In my 20’s, I harped on the need to save for retirement but didn’t actually make good on my preaching. As an economist, I learned the theory of compound interest and how money grows exponentially over time. In theory, it makes a lot of sense, but in practice, it wasn’t as easy as it sounds. Behind the math was life and emotions. I lived in a world of consumerism, where more and more material goods keep getting produced. As I got into my 30’s, technology had perfected marketing. There wasn’t a day where my news feed wouldn’t have something that I must have, or a deal too good to pass up, or social media posts of all the great adventures my friends were having.
Behind the scenes of my own stylized social media life was one of student loans, car payments, and mortgage payments. There was a subscription fee, automated purchases, and service for everything. Just a few months back, I had meal delivery service, restaurant delivery, Amazon subscribe and save, Apple Music, Hulu Plus, housekeeping, and even underwear subscriptions. Everything was automated and everything was on a subscription. No matter how many raises and bonuses I got, it barely kept up with the monthly expenses.
Mint.com didn’t work because all it did was made me feel guilty for how much of my spending came from coffee. It wasn’t a budgeting tool, it was a spending tracking tool.
The moment came for me when I came across Mike and Lauren, a young couple on You Tube. They had a video on How to Retire Early. The basic premise is they save virtually all their income in their 20’s and save their magic number: $420,000. Their goal is to hit that number by the time they’re 30 and that savings should net around $17,000 annually from the earnings. Much of this comes from Mr. Money Mustache, The Shockingly Simple Math Behind Early Retirement. There’s a swelling group of young individuals that aren’t convinced that working 30+ years to retire at 65 on a beach is the way to go.
Financial independence means having the finances so that you don’t have to work to make ends meet. Instead, you can do whatever you want, whether it be doing a hobby that doesn’t pay or working a job that you love.
What really hit me was that I’m past 30. I missed the opportunity.
During this, I also have been commuting to work and listening to Dave Ramsey podcasts again. His approach is a no debt, live like no one else so that later you can live like no one else. He preaches the Seven Baby Steps:
Baby Step 1 – $1,000 to start an Emergency Fund
Baby Step 2 – Pay off all debt using the Debt Snowball
Baby Step 3 – 3 to 6 months of expenses in savings
Baby Step 4 – Invest 15% of household income into Roth IRAs and pre-tax retirement
Baby Step 5 – College funding for children
Baby Step 6 – Pay off home early
Baby Step 7 – Build wealth and give!
For years, the economist in me used the theory. My student loan interest was low, why pay it off. My mortgage interest was tax deductible. Instead of being focused, I tried to do everything all at once and didn’t do anything.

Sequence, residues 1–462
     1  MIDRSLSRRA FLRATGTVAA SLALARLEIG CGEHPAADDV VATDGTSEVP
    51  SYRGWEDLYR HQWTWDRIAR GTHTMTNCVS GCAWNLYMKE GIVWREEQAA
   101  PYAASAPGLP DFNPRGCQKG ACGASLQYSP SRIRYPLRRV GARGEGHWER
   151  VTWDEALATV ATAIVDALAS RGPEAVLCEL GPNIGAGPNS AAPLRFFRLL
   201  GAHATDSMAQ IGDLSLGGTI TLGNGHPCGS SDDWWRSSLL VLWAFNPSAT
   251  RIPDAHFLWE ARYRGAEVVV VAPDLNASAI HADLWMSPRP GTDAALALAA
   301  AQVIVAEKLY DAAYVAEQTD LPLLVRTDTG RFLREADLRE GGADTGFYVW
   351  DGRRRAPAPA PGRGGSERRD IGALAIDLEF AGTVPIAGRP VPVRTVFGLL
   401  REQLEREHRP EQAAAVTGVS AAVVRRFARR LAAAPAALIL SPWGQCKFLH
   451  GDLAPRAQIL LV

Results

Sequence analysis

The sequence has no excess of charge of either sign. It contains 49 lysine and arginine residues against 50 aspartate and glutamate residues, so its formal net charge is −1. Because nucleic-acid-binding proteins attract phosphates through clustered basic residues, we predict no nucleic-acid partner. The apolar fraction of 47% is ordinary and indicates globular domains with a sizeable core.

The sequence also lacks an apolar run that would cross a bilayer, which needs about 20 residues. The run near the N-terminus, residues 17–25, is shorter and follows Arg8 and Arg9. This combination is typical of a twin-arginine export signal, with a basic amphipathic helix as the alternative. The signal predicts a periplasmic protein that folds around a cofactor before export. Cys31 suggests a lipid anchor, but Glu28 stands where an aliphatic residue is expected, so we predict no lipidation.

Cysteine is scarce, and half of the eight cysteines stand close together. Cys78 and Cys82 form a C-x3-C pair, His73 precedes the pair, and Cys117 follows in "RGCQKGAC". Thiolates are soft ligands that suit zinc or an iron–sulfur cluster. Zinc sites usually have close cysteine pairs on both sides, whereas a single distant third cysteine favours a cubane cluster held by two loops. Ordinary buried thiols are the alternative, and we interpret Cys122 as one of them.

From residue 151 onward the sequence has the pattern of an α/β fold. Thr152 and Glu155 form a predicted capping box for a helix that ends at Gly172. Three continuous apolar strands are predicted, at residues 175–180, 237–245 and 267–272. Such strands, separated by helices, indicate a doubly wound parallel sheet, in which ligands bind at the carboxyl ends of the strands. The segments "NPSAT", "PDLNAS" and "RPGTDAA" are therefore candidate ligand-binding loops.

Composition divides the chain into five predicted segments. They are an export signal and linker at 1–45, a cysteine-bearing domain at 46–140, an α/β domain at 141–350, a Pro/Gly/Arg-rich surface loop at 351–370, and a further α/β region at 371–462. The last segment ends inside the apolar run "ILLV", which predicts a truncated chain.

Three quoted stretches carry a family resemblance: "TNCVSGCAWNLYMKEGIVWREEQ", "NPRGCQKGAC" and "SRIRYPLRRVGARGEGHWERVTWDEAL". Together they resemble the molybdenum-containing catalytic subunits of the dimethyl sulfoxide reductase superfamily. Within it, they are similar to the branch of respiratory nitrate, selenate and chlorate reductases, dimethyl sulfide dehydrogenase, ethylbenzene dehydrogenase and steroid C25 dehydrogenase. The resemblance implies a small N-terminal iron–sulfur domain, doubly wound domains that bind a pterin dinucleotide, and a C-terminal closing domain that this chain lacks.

Later this month, I’m going to cut my final check to pay off my student loans ($40k). I’ve been making payments since 2005. Making the minimum payments would have dragged this on until 2025. Again, in theory, just make the monthly payments and invest in higher earning things. In practice, a payment here and a payment there and then you have no idea where your money went.
In following Dave’s plan, I’m on a cash system for restaurants and groceries. Ouch, just a month in and I already burnt my eating out budget. It’s packing lunches for the rest of the month. What I do know is that you spend significantly less when there’s friction in the transaction. Why else do you think credit card companies are investing in making your transaction seamless.
Just last week, as I sat down to have dinner. I found that dried beans and rice are insanely cheap to buy (and healthy). I went from $15-$20 dinners to $2 per meal. I stacked up my credit cards and started to dial each one. I reached a customer service rep and said I wanted to close my account. Immediately, I’m transferred to an account manager and they always start with how are you?
I’m great I said. I’d like to cancel my account please.
May I ask why?
I’m on the Dave Ramsey plan and I’m cancelling all my credit cards today.
Silence. You are doing what? You realize that your card has all these great benefits, you can earn cash back to help with your investment plans.
That’s okay, I don’t need a credit card.
I still don’t understand, if you pay off your card, you’re earning the points and not paying interest. What about emergencies? Don’t you want to at least keep one card for emergencies?
I’m okay, I have a big pile of cash for emergencies.
These conversations go on card by card. Discover, thank you for being a loyal member since 2000. They were straight up belligerent and very aggressive. Surprisingly, American Express, also one of my oldest cards, was incredibly understanding and supportive. The account rep had a sister-in-law that was on the Dave Ramsey plan.
There we go, I’m free of credit cards. Not one.
It’s sometimes a pain to buy things without a credit card. I also find myself making less impulsive purchases because it requires thinking.
It’s been some time now but I finally feel money again. It’s not a number. It’s my hard earned work, stress, and successes.
What’s up next?
I’m going to build up my emergency fund over the Summer and then ramp up retirement savings. Everything else is going to go toward paying off my mortgage. Conservatively, I am on pace to paying off the mortgage in 10 years and pacing toward a retirement at 50. The prospect of working until 67 just seems terrifying and not worth the consumerism of today.